Ganieva’s writing, in Carol Appolonio’s translation, is occasionally a bit static – but much of the value of the novel is not on its surface. Beyond the aspects I mentioned, and which clearly interested me most, there’s an entire additional level of allusions to Islamic myth and sufism. Symbolic colors and objects abound. In the afterword of the Deep Vellum edition, it is Ganieva herself who explains these connections and subtexts. In the end, the paths of the novel’s characters arc towards dissolution “into the substance of the divine.” While the novel can be a bit slow going at times, its multi-layered structure rewards re-readings. What’s more – I may be unreasonably drawn to the dour aspects of the book. Go read this excellent review in Asymptote which notes the light and enjoyable traits of the novel, comparing its patter to Jane Austen.

#Translation and Heartbreak

I review a lot of translated literature on this here blog thing. I also advocate for translating German literature. I love translation (I may be of two minds about poetry translation) as I love literature. I also think that ethically, translation is an extremely difficult business. I don’t, at this point, want to wade in further in the issue, but this post is just to reflect my sadness and heartbreak about the recent news about Han Kang’s English translator.

Personally, I stay away from German translation because it is *as a rule* either sloppy or rather distanced from the text. There are whole generations of translators who are taught to “improve” the text. I heard that at university when i studied Romance languages in Bonn. Germans have no issues translating a Japanese text from the English translation. It’s bizarre and offensive. So I try to read English and French translations. And with some languages, particularly Romance languages, you can guess. When I read the Villalobos I reviewed yesterday, I double checked a few things in my Spanish dictionary and I think I can make an educated guess at some of the translation’s flaws (this is not in the review; I didn’t want to be a sourpuss). But with, say, Korean, I am out on a raft on the empty sea. I don’t speak any Asian language to my great shame and embarrassment and so my guesses, well, let me quote from my review of Han Kang’s The Vegetarian:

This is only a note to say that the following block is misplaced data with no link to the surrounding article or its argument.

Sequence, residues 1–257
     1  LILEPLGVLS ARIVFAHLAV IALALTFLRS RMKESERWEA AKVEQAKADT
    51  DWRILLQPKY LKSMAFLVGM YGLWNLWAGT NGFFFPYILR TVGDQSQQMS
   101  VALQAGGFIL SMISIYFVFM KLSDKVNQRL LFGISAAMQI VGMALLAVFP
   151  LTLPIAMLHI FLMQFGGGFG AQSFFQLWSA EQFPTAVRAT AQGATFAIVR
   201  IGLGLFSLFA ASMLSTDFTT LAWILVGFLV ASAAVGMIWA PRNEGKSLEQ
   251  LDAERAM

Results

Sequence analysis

The translation fits the text perfectly and contributes to the unsettling effect that this novel-in-stories provides.


The ultimate test of a translation, the accuracy, is one I cannot perform, but from my limited angle this is a fine effort, and Han Kang is fortunate to be translated by Deborah Smith, almost as fortunate as we all have to have such a good novel around.